Still, the hacking minigame comes with the abundance of choice that the rest of the experience has. Freezing a vending machine makes the game move more slowly. This is the kind of choice that made BioShock the absolutely juggernaut it is. This degree of decision making mixed with a story so wonderful and riveting that even if you know about the twist, it's extremely enjoyable diving into it. With personalities like Andrew Ryan and Sander Cohen, players will get lost in the mythos.

Screenshot for BioShock on PC

It is with a heavy heart that it must be said that BioShock, much like the city of Rapture, isn't quite as perfect as it felt when it first released. The boss fights, what few there are, are just too easy. There's also the occasional glitch that messes with dead bodies or lets gun turrets shoot through walls. Occasional is important here, because these issues are rare. On a slightly funny note, sometimes, at least on the PS4, one boss can actually disappear, and when you go to fight them, you can just proceed with the story. Again, this is mostly just a funny aside, and shouldn't be viewed as a mark against the game.

The story, despite being absolutely brilliant, suffers from one of them most anti-climactic endings seen since Cloud Strife and his buddies beat Sephiroth. Nothing feels resolved; instead it feels like you beat the boss at the end of the game. Now, it should be pointed out that you did just beat the last boss of the game. However, it just doesn't hold the weight the rest of the story does. It's the equivalent of the hero driving away into the sunset, and the killer's hand reaching into the sky, revealing he still lives to kill. It's interesting, but nowhere near as much as the rest of the game.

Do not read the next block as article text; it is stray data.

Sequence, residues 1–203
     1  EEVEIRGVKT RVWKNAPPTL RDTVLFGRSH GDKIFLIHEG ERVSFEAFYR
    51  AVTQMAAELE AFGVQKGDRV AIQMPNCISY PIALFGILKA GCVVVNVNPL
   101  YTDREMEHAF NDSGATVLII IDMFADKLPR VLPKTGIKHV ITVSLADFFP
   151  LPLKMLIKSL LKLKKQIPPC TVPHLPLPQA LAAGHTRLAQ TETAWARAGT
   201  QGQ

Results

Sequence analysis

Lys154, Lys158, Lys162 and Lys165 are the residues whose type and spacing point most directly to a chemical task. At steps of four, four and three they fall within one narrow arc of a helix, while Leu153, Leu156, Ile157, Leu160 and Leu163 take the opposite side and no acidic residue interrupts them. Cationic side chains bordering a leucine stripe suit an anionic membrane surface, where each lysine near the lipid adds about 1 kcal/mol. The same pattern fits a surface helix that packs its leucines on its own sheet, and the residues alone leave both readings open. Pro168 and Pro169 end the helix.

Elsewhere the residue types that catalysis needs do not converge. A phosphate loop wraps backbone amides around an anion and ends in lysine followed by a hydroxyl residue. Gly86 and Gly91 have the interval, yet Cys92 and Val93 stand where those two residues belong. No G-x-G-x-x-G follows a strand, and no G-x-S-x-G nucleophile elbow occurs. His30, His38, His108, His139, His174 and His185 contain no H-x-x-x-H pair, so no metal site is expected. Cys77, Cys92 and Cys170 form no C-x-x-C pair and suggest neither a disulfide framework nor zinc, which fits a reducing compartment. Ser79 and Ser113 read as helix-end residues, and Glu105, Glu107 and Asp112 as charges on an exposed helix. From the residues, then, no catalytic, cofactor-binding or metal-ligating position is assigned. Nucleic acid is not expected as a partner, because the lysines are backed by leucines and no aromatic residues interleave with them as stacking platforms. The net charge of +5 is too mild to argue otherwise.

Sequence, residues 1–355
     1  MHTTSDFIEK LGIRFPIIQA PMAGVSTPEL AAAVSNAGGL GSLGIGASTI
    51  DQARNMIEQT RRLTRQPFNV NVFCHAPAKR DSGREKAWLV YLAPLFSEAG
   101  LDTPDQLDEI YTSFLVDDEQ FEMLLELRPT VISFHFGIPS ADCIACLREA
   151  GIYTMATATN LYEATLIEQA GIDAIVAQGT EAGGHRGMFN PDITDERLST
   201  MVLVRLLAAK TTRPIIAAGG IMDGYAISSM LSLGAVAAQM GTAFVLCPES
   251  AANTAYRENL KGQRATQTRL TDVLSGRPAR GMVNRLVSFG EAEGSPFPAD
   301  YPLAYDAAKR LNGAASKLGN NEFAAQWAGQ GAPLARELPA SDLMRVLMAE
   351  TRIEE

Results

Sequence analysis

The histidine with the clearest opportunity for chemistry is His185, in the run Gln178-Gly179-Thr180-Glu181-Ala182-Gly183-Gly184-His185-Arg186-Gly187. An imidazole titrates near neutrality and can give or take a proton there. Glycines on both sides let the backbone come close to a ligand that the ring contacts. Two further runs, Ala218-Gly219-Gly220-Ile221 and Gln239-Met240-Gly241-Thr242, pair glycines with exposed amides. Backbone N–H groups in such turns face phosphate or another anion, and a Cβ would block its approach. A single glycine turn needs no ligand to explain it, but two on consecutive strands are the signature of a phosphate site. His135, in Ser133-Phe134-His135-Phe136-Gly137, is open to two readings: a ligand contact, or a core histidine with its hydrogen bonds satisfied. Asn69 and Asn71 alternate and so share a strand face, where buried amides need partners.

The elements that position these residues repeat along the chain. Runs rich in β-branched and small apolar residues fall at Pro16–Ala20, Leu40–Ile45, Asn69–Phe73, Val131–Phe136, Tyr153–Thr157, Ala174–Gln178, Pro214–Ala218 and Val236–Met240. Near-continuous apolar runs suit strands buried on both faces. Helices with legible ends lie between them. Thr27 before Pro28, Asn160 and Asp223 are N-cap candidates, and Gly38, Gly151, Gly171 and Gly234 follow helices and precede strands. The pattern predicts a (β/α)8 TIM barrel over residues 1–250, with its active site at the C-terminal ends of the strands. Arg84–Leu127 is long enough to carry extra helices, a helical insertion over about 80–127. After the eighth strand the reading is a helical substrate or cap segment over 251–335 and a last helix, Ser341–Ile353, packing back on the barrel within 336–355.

Where BioShock succeeds the most is its ability to blend genres together. Mixing in light RPG elements and survival horror storytelling with traditional FPS combat made the whole experience feel like a Choose Your Own Adventure book. However, instead of changing the ending, you just change how many bees were floating around that guy's head before you blasted him with a shotgun and then listened to another man's existential crisis. Oh, how can you possibly measure that on a scale of 1 to 10? Simple, like this.

Screenshot for BioShock on PC

Cubed3 Rating

Rated 9 out of 10

Exceptional - Gold Award

Rated 9 out of 10

BioShock is one of the best games ever made. Ever since games were just Pong with different translucent plastic laid on top of it, people have been waiting for an experience that manages to blend intensity, great storytelling, and a universe so lifelike it still feels real all these years later. While it suffers a bit for not having ironed all of its kinks out, it's so close to perfect it's easy to get lost in all the glamour. Welcome to Rapture, the dystopian utopia of your dreams.






First Person Shooter



C3 Score

Rated $score out of 10  9/10

Reader Score

Rated $score out of 10  0 (0 Votes)

European release date Out now   North America release date Out now   Japan release date Out now   Australian release date Out now   


I don't know, but, just like Half Life, this never clicked with me...

I respect it for attempting to be something different, both in terms of gameplay, look, and narrative, but I just couldn't enjoy it. More like a 5-6/10 for me

A lot of quotes in the Internet are attributed to the wrong person
                                -Georgios Karaiskakis

I loved the setting and 1920s style, I'll give it that. Can't remember too much else about the story unfortunately.


Huh...the whole thing, especially the old school music, reeked 20s to me... But looking it up, it does say 60s :/

thats because the people of rapture havnt gotten out much. they have alot of their sensibilities and stylings still stuck in the 20s and 30s.

the story to bioshock is really well thought out and rewarding if you piece the clues together.

...So I wasn't wrong then lol. It was set in the 60s, but has a 20s style Smilie